sanio have mapp'd it truly. How fit his garments serve me! why Should his mistress, who was made by him that made the tailor, not be fit too ? the rather, (saving reverence of the word,) because 'cis said, a woman's fitness comes by fits. Therein I must play the workman ; I dare speak it to my self, for it is no vainglory for a man and his glass to confer in his own chamber ; I mean, the lines of my body are as well drawn as his; no less young, more strong, not beneath him in fortunes, beyond him in the advantage of the time, above him in birth, alike conversant in general services, and more remarkable in single oppositions ; yet this : Vill-perseverant thing loves him in my despight. What mortality is! Postbumus, thy head which is now growing upon thy shoulders, shall within this hour be off, thy mistress enforc'd, thy garments cut to pieces before ''her face; and all this done, * 'I'll spurn her home to her father, who may, happily, be a little angry for my so rough usage ; but my mother having power of his testiness, shall

turn all into my commendations. My horse is ty'd up safe : out, sword, and to a sore purpose! fortune put them into my hand! this is the very description of their meeting-place, and the fellow dares not deceive

(Exit. 2 imperseverant · 3 thy .... eld edir. Warb, omend. 4 spurn


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Enter Bellarius, Guiderius, Arviragus, and Imogen,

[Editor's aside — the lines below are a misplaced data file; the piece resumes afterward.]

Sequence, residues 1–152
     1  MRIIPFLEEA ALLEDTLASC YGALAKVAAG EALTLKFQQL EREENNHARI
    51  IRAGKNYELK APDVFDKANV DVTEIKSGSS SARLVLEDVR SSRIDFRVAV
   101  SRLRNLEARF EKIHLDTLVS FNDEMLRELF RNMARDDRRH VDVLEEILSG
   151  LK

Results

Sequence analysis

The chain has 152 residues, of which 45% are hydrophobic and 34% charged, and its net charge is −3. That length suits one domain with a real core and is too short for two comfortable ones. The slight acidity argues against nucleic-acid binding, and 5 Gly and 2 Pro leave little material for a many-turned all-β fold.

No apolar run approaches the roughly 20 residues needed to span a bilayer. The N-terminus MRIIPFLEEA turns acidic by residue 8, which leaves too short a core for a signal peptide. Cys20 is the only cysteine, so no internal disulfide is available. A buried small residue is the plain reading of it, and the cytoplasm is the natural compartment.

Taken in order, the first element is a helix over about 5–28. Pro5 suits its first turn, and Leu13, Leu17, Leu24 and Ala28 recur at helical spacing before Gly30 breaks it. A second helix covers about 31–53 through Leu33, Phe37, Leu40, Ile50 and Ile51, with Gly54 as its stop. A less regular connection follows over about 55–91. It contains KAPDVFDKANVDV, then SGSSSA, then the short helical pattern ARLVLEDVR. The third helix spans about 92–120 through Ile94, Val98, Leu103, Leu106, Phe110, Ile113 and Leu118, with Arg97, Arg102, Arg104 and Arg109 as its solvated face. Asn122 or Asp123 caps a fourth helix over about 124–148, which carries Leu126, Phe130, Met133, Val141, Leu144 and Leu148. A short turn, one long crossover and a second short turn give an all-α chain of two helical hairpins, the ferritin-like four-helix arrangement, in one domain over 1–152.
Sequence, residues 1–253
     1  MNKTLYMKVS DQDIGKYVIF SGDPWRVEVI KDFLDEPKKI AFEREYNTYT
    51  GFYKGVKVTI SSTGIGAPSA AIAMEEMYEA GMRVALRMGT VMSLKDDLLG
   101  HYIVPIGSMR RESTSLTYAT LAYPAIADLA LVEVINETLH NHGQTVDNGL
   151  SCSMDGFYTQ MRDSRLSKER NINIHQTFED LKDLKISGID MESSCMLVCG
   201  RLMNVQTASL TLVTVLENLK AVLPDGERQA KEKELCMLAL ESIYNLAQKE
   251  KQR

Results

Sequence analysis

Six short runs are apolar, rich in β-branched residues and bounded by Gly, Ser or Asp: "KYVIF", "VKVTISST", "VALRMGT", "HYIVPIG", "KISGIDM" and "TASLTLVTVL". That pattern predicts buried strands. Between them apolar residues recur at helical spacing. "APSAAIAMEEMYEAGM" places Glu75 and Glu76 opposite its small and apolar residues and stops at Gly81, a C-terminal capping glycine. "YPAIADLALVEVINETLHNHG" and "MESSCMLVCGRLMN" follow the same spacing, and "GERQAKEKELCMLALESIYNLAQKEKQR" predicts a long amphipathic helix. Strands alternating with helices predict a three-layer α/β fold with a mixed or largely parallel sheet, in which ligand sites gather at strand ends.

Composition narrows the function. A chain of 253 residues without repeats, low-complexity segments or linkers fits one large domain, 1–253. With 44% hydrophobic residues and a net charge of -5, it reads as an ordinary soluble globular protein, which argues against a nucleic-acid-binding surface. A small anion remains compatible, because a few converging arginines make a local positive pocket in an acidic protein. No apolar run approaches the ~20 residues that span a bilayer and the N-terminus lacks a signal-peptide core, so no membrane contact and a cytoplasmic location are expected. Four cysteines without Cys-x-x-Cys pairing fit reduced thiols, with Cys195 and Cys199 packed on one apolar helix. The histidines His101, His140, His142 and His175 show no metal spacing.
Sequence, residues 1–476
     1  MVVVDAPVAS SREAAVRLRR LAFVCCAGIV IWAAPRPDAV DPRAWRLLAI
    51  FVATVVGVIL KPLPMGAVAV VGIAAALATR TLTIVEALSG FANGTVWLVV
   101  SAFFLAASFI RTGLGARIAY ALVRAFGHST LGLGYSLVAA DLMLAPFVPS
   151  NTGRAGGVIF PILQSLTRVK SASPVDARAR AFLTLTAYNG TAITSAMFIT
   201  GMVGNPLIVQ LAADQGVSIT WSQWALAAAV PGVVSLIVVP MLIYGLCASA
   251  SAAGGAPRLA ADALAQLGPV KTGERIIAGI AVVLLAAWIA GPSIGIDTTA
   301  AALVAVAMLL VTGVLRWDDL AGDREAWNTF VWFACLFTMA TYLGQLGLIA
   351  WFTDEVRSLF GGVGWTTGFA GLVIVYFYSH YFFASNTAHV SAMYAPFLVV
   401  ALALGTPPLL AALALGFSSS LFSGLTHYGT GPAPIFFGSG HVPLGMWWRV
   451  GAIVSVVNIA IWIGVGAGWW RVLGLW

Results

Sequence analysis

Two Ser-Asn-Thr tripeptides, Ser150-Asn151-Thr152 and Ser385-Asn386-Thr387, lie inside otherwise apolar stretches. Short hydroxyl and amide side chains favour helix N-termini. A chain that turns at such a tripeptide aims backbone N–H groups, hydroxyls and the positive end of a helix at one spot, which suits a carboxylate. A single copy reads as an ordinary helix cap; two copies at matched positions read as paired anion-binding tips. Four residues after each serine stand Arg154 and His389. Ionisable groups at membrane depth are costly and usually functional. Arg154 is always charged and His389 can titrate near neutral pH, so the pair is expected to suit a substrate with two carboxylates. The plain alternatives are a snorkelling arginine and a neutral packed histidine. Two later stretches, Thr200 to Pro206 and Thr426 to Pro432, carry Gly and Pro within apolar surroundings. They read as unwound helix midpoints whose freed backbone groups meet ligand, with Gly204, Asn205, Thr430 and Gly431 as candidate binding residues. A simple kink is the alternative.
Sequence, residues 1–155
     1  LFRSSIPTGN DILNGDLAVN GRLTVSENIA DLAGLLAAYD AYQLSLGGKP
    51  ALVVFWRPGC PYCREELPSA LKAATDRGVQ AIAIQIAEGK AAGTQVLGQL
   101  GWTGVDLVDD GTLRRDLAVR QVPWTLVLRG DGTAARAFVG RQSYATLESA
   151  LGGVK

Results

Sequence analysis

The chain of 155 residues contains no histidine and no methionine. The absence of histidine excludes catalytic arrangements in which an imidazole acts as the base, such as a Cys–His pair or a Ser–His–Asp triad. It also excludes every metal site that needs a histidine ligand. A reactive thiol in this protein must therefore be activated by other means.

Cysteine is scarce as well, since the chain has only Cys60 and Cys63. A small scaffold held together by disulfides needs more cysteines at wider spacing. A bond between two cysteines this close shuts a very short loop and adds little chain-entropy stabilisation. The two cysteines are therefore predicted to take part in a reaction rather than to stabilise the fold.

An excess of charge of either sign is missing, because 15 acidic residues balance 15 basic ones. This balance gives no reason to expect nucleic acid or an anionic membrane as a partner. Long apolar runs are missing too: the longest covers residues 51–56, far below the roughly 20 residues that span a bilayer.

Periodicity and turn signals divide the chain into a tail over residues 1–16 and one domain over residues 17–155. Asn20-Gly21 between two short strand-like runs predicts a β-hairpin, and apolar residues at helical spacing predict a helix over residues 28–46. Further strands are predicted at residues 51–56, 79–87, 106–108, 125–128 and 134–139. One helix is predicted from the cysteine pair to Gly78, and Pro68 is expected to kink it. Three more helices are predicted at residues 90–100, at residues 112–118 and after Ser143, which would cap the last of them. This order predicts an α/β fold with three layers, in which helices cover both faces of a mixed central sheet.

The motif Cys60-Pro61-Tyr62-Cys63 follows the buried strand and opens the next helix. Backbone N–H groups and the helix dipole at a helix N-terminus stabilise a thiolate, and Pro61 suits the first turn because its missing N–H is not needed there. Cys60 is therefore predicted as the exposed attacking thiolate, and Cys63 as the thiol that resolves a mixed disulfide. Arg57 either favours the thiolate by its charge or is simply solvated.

from the Cave. Bel. You are not well : remain here in the cave We'll come t' you after hunting.

Arv. Brother, stay here :
Are we not brothers ?

Imo. So man and man fhould be,
But clay and clay differs in dignity,
Whose dust is both alike. I'm very fick.
Guid. Go you to hunting, I'll abide with him.

Imo. So sick I am not, yet I am not well,
But not so citizen a wanton, 'as
To seem to die, ere sick: so please you, leave me,
Stick to your journal course; the breach of custom,
Is breach of all. I'm ill, but your being by me
Cannot amend me. Society is no comfort
To one not fociable: I'm not very fick,
Since I can reason of't. Pray you trust me here,
I'll rob none but my self, and let me die
Stealing fo poorly.

Guid. I love thee: I have spoke it ;
How much the quantity, the weight as much,
As I do love my father.

Bel. What? how? how?

Arv. If it be fin to say fo, Sir, I yoak me
In my good brother's fault: I know not why
I love this youth, and I have heard you say,
Love reasons without reason. The bier at door,
And a demand who is't shall die, I'd say
My father, not this youth.

Bel. Oh noble strain!